Wednesday, June 19, 2019

Minerva Queen of Handcuffs


Minerva Queen of Handcuffs, also Queen of Mystery, was born Margaretha Snelling on Dec 18 1878 in Germany. Her career as an escape artist ran from 1904-1913. The retired from the stage after marrying illusion builder Guy Jarrett.

She is buried in Mission City Memorial Park, Santa Clara, CA, Plot Section K-3, No 26. She is buried with her fourth husband, George Backus. Sadly, though there is a spot on the grave marker for her name, Minerva's name does not appear on the gravestone at all.

For more information on Minerva, check out my podcast #26 on https://magicdetectivepodcast.com




Friday, January 11, 2019

Olive Dot Robinson Gravesite


When it comes to one of the greatest magician's assistants in history, surely one of the early ones was also one of the best. Olive Robinson was the wife of William E. Robinson. For a time she worked as Harry Kellar's chief assistant in his show. Later, when the Robinson's were wooed away by Alexander Herrmann, she became an assistant in his show. And when her husband, William Ellsworth Robinson hired her to be his chief assistant as well.

Her husband, in the roll of Chung Ling, was tragically killed on stage while presenting the Bullet Catch mystery in 1918. In 1922, Olive packed her bags and left England to head back to America. Oddly, she didn't tell anyone she had returned.Word was she was embarrassed by the death of her husband and the varied rumors surrounding the death.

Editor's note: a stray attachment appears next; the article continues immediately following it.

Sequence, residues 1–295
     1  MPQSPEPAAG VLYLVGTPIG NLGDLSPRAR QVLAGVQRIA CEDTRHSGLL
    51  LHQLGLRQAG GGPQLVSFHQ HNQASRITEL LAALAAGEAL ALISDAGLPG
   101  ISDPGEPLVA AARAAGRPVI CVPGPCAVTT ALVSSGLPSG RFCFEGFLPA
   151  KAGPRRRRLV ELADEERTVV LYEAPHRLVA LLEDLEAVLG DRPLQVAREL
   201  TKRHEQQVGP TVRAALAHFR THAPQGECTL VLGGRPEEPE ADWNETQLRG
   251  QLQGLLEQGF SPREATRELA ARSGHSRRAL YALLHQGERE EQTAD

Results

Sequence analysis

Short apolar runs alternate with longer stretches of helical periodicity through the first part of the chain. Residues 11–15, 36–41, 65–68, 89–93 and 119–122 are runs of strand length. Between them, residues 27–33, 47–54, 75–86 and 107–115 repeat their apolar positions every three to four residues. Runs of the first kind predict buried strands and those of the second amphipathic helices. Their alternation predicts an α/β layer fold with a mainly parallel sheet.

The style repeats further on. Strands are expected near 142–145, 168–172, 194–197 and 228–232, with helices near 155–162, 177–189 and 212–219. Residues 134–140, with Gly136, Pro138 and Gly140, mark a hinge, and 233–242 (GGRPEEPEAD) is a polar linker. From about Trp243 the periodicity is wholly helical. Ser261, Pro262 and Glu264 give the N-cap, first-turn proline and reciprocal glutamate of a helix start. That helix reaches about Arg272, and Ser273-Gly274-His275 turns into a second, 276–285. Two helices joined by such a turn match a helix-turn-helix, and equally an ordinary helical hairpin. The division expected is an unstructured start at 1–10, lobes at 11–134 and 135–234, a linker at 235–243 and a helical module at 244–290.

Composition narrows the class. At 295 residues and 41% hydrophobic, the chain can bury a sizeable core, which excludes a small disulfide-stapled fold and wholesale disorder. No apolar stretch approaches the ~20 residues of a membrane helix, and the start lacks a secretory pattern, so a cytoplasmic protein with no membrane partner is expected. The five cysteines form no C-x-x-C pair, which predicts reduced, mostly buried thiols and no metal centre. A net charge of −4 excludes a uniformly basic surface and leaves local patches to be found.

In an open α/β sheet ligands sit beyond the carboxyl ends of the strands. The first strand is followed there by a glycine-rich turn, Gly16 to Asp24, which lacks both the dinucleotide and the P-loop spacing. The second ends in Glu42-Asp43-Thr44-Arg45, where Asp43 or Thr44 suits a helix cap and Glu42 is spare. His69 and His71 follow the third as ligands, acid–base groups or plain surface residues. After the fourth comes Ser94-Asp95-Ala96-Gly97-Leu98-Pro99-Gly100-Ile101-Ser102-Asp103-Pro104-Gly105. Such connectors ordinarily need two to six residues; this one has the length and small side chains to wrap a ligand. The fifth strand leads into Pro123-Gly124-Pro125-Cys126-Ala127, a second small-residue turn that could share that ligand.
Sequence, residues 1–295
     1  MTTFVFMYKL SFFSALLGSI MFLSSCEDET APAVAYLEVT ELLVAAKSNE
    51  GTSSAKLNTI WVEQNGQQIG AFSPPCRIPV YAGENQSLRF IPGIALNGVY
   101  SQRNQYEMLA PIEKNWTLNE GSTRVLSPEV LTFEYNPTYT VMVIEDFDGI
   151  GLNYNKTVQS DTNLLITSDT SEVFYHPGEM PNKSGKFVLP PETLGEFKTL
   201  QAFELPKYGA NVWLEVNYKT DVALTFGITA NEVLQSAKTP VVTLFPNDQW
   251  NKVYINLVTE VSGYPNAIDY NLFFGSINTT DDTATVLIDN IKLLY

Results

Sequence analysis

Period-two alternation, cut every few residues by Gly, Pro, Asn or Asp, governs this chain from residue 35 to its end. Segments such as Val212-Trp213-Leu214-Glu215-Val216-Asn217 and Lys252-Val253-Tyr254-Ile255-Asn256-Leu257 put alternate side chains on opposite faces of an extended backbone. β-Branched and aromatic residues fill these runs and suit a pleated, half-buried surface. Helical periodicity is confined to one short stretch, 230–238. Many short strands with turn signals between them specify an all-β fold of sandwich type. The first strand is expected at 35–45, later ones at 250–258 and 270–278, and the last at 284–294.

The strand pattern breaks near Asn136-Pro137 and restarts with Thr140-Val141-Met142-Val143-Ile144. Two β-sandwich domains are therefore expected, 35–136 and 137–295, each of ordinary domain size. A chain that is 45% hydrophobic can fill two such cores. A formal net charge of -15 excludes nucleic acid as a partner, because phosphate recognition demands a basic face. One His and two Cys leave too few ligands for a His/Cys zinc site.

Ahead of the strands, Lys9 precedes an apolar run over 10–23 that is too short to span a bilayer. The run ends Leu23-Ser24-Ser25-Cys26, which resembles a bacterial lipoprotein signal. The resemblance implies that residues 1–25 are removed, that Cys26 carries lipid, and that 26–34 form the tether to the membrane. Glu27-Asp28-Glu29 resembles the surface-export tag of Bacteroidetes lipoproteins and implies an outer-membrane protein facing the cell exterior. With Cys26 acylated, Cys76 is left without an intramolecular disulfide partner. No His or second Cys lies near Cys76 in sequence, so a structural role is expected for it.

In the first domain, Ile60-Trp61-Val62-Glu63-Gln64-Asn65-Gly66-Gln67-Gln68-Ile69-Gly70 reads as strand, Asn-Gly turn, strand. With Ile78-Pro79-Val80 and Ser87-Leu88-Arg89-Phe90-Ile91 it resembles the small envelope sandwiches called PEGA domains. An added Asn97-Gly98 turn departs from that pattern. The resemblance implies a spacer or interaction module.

When she arrived in New York in 1922, she didn't tell anyone she was here. She lived until the ripe old age of 71 passing away on Nov 13, 1934. She is buried in the Woodlawn Cemetery in the Bronx. In 2016 magic historian Diego Domingo raised money for a stone market to be placed on Dot's grave.


Wednesday, October 10, 2018

The Grave of W. D. LeRoy

William D. Le Roy was born in LaSalle Illinois August 5th, 1862. In his youth, he studied music and
the violin. By the age of 19 he was living in San Francisco and was giving classes on the violin. This appears to be where he picked up the magic bug and began to learn the trade. But, whether he met someone or discovered it from a book is not known.

In 1885, he made his first professional appearance as a magician at the Fountain Theatre in San Francisco according to the Feb 1909 issue of The Sphinx. He also appeared on the cover that month. 


In 1887, he relocated to Boston and by 1893 opened the Boston School of Magic on 103 Court Street. According to the website Auspostalhistory.com, Le Roy altered the way his name was spelled in 1906 from Le Roy to Leroy. I would guess because it was easier to remember or to distinguish himself from Servais Le Roy.


He is credited with having the largest and most up to date magic catalog of it's time. Besides selling magic he was a big advocate of magic fraternities and was instrumental in signing up many people to the Society of American Magicians.


Le Roy passed away on June 10th, 1919. He is buried in the Oak Grove Cemetery in Gloucester Mass.